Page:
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Backfin Blue knows the art of making Maryland crab cakes
By KATHY SAUNDERS
© St. Petersburg Times, published June 29, 2000
GULFPORT -- We phoned the Backfin Blue Cafe on a rainy Saturday night on our way home from a youth soccer game. It took a few minutes for the waiter to hand the phone to the bartender to take our carryout order. When we arrived at the Gulfport restaurant, we understood the delay -- the place was packed.
We flagged down a busboy, who said he would try to find our takeout order. Most of the dinner was already packaged, but the bartender said she did not want to wrap the Key lime pie until we arrived. We were grateful for her thoughtfulness.
Dinner was still hot when we got home about 15 minutes later.
The salads were large enough to fill a dinner plate and were fresh with mixed greens -- hardly a leaf of iceberg -- and plenty of red onions and tomatoes. The balsamic vinaigrette came on the side. We enjoyed the tangy dressing and could identify oregano and a few other fresh herbs.
Our entrees were delightful.
The Portobello Imperial ($14.95) is one of the house specialties. Backfin is known for its Maryland-style crab cakes.
"With a good crab cake you don't have to have a lot of filler, just crab," said owner Harold Russell, whose wife, Beth, is from Maryland.
The crab is mixed with mayonnaise, piled on the large mushroom and topped with a fire-roasted red bell pepper cream sauce. The dish was spicy and filling and about the size of a dessert plate.
We chose the sauteed vegetables as a side dish. The fresh vegetables, summer squash and zucchini, were lightly cooked and crunchy.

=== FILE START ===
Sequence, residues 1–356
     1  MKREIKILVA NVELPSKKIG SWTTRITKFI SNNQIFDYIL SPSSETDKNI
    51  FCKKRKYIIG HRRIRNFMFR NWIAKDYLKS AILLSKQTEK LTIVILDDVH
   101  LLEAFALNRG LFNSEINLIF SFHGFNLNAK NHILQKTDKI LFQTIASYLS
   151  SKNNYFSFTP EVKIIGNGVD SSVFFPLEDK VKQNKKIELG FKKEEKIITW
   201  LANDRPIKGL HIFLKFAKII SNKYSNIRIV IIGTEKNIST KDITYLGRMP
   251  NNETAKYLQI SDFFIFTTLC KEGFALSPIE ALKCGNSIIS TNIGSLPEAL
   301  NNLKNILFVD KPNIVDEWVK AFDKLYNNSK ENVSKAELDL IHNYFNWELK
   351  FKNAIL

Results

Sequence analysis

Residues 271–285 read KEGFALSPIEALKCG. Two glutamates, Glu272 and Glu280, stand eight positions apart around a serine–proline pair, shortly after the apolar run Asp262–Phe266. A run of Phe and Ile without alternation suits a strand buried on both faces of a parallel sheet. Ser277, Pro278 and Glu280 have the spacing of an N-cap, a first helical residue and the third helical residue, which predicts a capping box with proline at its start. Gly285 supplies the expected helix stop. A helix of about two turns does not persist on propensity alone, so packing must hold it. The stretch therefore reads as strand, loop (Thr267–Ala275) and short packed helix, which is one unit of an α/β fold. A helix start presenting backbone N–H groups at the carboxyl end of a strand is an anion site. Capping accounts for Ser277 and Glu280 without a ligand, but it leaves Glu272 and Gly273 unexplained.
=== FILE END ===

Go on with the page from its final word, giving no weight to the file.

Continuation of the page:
In the restaurant's signature dish, jumbo crab cakes ($14.50), the filling has more crumbs than mayonnaise, unlike the portobello mushroom, Russell said.
The macadamia nut crusted grouper ($15.50) was fresh, flaky and not overcooked. The grouper was baked and topped with a crumbly, buttery, macadamia nut coating that was sweet and crunchy.
I grew up in Hawaii and have tasted many macadamia nut dishes, but Backfin's is one of the best I've sampled.
Backfin is in the Art Village district of Gulfport in a house built in 1927 that seats about 50. Russell and his wife take turns cooking and managing the restaurant and caring for their 4-month-old twins.
Russell, former chef at Shula's Steak House in Tampa, opened Backfin more than three years ago. He said he brought some of his Tampa dishes to Gulfport, including bacon-wrapped, basil-stuffed barbecued shrimp ($10.95).
Backfin also offers a five-cheese lasagna ($9.50), homemade meatloaf ($8.95) and slow-roasted prime rib starting at $11.95. The prime rib is available after 5 p.m.
We also purchased a loaf of molasses bread ($1.50), which Russell buys from a Bradenton baker. The multigrain bread was soft and sweet with a smooth molasses flavor.
Desserts (all $3.50) also are provided by local bakers. We ordered a slice of Key lime pie, which was fresh and yellow, as it is supposed to be, not lime green like the pretenders. Cheesecake and chocolate suicide cake with cocoa pudding, cream cheese icing and raspberry puree were on the menu the night we called.
Puree of corn and crab meat soup is $3.50 a bowl.
Appetizers include a crab cake with lemon and remoulade sauce ($6.95), a portobello mushroom with gorgonzola cheese ($5.50) and smoked fish spread with crackers ($4.50).
Besides the house salad ($3.50), Backfin Blue offers sliced tomatoes with gorgonzola, red onion and vinaigrette ($5.95) and a spinach and mushroom salad with sliced chicken ($6.50) or with the bacon-wrapped, basil-stuffed shrimp ($7.95).
Sandwiches are $6.95 and $7.95 and include grouper, chicken, grilled portobello, meatloaf and the Backfin specialty, crab cakes.
Backfin also offers a children's menu with hot dogs, spaghetti, peanut butter and jelly and grilled cheese sandwiches.
Backfin Blue Cafe
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